Learn about our important work
Learn about our important work
Companions Journeying Together, a 501(c)(3) non-profit organization, provides a forum to personally impact the emotional, spiritual, and social lives of the incarcerated and their families. Our vision is for a society that lives by the principles of restorative justice.
We seek out opportunities to reach incarcerated women and men through a variety of programs designed to build healthy relationships and foster positive communication. Those programs include the Aunt Mary’s Storybook Project and pen pal groups. Additional services we organize include special holiday communication projects, provision of re-entry materials and referrals, community education/training, and advocacy. Our goal is to be a link between resources and needs. We have a history of working successfully with officials from the Illinois Department of Corrections, as well as with individuals, churches, and civic/community organizations committed to serving imprisoned people and their families.
Companions Journeying Together works with the following institutions:
Cook County Jail – Chicago, Illinois
DeKalb County Jail – Sycamore, Illinois
DuPage County Jail – Wheaton, Illinois
Kane County Jail – St. Charles, Illinois
Kendall County Jail – Yorkville, Illinois
Randolph County Jail – Chester, Illinois
Will County Jail – Joliet, Illinois
Centralia Correctional Center – Centralia, Illinois
Hill Correctional Center – Galesburg, Illinois
Illinois River Correctional Center – Canton, Illinois
Joliet Treatment Center – Joliet, Illinois
Kewanee Life Skills Re-Entry Center – Kewanee, Illinois
Menard Correctional Center – Chester, Illinois
Menard Correctional Center Medium Security Unit – Chester, Illinois
Sheridan Correctional Center – Sheridan, Illinois
Vandalia Correctional Center – Vandalia, Illinois
Western Illinois Correctional Center – Mt. Sterling, Illinois
Sr. Carolyn Croft OP
Thomas Kucharski, PhD
Thomas Lyons, PhD
Companions Journeying Together was founded in 1986 by three sisters, Jana Minor, Mary Rammien, and Margaret Rudnik using money they inherited from their aunt, Mary E. Best. The mission of Companions Journeying Together is to reach out to incarcerated women and men in Illinois through a variety of programs designed to build healthy relationships and foster positive communication between prisoners and their families.
In 2001, the non-profit organization changed their name from Companions, Inc. to Companions Journeying Together, Inc. Companions Journeying Together developed a variety of programs for incarcerated women and men ranging from multi-session classes to single day events. The organization’s first classes were designed to promote spiritual and emotional growth. These studies covered a range of topics from forgiveness and anger management to improving relationships. Jana Minor summarized the rationale for the class in the August 1987 issue of the JourneyNotes newsletter. “As we looked at the needs of companions especially those who are imprisoned, we decided that more work is being done in the awakening area (evangelization) than in the development process (discipleship). We, therefore, established our first program . . . which we hoped would challenge its participants to new growth and personal development . . .”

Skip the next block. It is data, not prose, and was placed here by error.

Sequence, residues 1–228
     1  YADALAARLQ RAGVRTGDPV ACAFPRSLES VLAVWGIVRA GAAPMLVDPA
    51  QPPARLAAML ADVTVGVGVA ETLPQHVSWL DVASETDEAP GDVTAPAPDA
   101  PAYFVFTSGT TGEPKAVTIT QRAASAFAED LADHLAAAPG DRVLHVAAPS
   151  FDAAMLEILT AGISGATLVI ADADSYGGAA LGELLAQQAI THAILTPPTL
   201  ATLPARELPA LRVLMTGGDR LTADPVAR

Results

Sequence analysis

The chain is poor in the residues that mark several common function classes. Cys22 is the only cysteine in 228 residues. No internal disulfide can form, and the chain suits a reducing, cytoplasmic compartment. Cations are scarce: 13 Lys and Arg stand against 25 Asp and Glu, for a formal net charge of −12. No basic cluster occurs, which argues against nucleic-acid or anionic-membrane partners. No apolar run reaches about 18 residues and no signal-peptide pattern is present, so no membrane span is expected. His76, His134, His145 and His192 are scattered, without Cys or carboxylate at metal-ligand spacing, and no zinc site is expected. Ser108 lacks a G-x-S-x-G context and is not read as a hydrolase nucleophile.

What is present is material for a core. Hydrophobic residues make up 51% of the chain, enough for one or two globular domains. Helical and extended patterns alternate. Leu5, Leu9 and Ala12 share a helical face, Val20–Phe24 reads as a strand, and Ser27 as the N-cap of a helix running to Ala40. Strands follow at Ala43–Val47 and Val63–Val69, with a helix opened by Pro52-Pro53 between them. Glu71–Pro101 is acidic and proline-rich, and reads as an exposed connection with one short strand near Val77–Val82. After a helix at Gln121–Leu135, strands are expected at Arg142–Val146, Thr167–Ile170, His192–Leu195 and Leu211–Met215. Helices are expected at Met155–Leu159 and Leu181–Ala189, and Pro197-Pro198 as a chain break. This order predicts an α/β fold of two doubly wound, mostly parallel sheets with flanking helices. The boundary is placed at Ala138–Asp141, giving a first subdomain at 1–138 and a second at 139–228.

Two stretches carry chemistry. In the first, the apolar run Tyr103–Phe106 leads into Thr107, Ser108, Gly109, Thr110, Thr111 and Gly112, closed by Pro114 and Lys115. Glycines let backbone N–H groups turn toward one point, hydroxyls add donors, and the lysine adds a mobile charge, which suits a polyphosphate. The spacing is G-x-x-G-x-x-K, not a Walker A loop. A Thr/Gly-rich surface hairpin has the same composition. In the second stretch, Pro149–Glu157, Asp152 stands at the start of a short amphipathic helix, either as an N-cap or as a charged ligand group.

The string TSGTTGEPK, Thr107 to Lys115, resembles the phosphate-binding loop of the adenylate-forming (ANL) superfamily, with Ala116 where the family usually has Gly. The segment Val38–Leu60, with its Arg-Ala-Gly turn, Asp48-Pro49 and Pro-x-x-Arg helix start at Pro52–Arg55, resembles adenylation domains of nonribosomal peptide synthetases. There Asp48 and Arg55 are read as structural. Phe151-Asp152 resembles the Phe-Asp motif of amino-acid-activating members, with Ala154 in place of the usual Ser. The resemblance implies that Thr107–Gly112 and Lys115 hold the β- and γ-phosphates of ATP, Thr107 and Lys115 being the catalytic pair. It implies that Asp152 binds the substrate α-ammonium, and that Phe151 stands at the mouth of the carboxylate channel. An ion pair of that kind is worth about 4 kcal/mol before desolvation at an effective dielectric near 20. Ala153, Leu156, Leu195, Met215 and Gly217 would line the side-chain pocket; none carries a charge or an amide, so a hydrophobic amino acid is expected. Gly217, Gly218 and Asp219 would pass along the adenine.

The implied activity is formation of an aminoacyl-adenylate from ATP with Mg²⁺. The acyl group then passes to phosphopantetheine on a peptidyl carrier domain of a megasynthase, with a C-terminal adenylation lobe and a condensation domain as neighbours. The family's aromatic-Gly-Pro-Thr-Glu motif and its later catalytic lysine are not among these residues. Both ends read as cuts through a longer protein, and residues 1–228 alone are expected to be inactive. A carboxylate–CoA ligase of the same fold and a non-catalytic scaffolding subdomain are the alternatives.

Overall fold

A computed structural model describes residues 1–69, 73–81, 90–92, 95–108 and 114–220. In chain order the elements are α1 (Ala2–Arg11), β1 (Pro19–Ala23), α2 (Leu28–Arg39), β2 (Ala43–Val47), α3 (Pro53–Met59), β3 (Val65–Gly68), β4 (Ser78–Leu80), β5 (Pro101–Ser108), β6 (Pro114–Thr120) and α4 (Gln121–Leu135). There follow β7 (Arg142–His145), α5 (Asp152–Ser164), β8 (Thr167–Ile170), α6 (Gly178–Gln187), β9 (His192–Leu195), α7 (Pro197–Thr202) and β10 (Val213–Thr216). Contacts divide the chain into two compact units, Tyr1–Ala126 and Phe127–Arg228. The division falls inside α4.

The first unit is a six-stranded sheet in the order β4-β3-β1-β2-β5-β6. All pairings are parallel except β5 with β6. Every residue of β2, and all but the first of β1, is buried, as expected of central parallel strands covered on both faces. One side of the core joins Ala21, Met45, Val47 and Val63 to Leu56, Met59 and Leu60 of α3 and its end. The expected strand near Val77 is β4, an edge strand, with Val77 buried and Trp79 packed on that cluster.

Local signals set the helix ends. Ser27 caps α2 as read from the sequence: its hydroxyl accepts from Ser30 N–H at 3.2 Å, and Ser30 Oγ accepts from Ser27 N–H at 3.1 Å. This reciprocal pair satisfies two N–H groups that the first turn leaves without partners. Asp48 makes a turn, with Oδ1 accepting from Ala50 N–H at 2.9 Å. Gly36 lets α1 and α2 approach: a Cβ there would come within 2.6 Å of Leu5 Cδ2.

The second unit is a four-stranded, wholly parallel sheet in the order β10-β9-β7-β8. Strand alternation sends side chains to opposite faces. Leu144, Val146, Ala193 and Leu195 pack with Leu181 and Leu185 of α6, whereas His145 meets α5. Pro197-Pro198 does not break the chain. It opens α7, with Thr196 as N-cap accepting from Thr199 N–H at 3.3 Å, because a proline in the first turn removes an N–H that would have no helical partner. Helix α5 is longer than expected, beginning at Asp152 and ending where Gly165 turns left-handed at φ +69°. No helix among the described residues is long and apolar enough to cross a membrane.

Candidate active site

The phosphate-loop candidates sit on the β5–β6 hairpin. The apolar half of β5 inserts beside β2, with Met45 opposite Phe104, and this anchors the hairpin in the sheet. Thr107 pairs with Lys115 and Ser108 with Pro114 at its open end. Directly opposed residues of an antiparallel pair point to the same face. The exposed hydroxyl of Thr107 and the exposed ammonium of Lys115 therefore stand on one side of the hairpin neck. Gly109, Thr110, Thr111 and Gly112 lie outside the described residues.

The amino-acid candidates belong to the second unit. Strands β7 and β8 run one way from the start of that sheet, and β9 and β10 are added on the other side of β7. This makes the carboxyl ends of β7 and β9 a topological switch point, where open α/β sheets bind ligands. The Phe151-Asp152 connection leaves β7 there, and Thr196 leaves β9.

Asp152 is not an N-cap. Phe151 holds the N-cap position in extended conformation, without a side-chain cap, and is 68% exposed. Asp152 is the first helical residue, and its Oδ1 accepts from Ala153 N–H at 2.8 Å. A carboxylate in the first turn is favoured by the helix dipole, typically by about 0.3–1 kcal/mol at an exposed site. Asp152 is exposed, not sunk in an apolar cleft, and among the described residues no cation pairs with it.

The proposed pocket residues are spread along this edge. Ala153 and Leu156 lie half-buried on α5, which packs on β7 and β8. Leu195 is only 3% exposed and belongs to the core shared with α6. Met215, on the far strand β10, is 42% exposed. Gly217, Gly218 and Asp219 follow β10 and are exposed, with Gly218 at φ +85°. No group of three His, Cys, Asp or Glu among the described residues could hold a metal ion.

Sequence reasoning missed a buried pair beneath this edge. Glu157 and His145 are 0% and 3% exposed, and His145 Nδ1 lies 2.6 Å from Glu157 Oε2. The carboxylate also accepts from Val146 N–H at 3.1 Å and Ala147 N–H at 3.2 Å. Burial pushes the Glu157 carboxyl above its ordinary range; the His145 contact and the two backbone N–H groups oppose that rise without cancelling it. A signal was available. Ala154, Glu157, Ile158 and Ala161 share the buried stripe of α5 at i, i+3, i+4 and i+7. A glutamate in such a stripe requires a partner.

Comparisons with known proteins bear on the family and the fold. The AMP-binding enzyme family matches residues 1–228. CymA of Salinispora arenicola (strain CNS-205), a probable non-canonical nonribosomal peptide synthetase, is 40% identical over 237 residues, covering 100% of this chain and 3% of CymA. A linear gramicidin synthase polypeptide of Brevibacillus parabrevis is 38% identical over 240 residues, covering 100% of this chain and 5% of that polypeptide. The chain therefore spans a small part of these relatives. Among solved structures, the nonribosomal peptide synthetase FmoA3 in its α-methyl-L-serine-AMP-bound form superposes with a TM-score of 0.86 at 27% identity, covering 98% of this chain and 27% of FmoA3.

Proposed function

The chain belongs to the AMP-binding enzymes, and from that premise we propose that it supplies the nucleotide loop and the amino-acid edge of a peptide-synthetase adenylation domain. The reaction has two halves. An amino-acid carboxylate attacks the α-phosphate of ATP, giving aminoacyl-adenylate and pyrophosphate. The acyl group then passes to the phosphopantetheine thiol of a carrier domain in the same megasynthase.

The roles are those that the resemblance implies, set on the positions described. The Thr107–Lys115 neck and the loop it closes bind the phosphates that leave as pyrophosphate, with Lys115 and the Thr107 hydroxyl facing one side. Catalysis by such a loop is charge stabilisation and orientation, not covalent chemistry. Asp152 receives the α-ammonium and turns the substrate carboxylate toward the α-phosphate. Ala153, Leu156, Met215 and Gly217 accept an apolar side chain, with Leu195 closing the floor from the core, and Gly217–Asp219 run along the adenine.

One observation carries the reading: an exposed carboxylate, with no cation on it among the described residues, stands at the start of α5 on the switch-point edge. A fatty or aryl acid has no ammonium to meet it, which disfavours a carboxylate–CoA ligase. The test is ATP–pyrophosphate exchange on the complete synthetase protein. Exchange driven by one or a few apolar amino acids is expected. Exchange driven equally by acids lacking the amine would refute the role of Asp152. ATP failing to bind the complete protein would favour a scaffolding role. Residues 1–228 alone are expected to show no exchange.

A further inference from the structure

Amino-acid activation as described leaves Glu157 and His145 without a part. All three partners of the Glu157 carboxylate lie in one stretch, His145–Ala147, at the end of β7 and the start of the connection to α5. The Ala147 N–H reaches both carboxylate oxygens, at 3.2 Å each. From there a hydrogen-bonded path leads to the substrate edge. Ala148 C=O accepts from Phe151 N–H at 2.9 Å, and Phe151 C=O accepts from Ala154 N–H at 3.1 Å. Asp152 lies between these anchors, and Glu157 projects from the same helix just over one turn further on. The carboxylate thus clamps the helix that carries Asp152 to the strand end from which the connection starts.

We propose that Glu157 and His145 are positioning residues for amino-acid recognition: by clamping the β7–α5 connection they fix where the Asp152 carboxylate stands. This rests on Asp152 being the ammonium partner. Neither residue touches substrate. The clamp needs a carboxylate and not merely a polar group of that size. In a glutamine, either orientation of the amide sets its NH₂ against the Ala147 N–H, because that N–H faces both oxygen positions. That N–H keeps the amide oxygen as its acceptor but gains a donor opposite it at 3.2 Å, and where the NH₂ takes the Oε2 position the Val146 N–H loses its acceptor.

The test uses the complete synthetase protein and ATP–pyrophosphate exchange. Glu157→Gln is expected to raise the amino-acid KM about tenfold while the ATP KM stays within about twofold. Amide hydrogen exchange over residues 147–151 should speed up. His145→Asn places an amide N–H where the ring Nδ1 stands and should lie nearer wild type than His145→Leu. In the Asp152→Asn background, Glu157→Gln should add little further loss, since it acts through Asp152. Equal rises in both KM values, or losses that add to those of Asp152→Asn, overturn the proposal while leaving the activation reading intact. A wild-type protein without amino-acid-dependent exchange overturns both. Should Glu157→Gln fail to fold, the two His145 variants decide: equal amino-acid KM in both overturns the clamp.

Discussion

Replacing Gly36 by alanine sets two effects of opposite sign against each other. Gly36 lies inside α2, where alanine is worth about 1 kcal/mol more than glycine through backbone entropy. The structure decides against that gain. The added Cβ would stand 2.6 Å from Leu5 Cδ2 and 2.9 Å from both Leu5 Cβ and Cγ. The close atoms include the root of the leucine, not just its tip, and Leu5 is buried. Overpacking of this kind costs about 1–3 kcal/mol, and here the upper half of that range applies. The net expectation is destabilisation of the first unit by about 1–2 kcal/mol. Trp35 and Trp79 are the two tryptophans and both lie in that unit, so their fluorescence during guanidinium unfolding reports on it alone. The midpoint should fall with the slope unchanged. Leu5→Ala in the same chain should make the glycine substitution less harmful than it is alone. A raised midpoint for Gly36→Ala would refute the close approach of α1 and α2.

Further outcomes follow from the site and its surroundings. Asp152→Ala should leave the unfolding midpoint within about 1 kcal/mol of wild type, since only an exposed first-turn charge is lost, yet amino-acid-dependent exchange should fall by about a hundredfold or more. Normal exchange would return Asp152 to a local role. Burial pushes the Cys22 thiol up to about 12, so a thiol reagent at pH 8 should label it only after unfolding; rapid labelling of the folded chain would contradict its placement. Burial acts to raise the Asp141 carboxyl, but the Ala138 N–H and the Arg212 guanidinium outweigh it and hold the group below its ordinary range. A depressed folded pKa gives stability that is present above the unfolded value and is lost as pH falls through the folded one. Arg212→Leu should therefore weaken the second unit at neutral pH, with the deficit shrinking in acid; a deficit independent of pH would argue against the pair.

As Minor conducted the classes, she became aware of the difficulties children of incarcerated parents experienced and was inspired to broaden the organization’s programmatic efforts. In December 1993, Companions Journeying Together started its most successful program at the Cook County Jail. Aunt Mary’s Storybook, named after Mary E. Best, nurtures the parent-child relationship during separation. As part of the program, volunteers from Companions Journeying Together set up a temporary bookstore in the prison facility and record the incarcerated parent reading a book aloud. Packages with the book, the audio-tape, and other personal messages are then delivered to children living with relatives or foster families. Due to early efforts to publicize the program, the storybook project inspired identical programs at correctional facilities in twenty other states. Aunt Mary’s Storybook Project was incorporated into the MotherLove and FatherLove parenting classes at Dixon and Dwight Correctional Centers. Companions started teaching these parenting classes in 1992, which were previously offered by another organization.
In the early 2000s, Companions Journeying Together worked with the Illinois Department of Corrections (IDOC) to develop family reunification programs at the new Decatur Correctional Center. Companions and the IDOC joined forces to establish P.A.C.T. (Parents And Children Together) which is described in a 2003 Contract of Services as a “specific solution designed to bridge the geographic distance and build and maintain family relationships between mothers incarcerated in Decatur and their children living in Chicago.” Other prisons in Illinois that benefited from Companions Journeying Together programs include Kankakee, Logan, and Sheridan.
In addition to their active programming efforts, Companions Journeying Together maintained a long-running newsletter titled JourneyNotes, which published stories of volunteers, incarcerated parents, program updates, inspiring pieces, and poetry. Almost all the issues of JourneyNotes included letters written from the Board of Directors, Jana Minor, and/or the Executive Director, and these letter inserts provided readers with program updates. These newsletters were distributed via mail to both incarcerated parents as well as supporters of Companions Journeying Together. Companions Journeying Together was also able to stay connected to friends and supporters through their fundraising events, which helped establish projects such as an annual Mother’s Day Project, Holiday Project, and Christmas Card Project.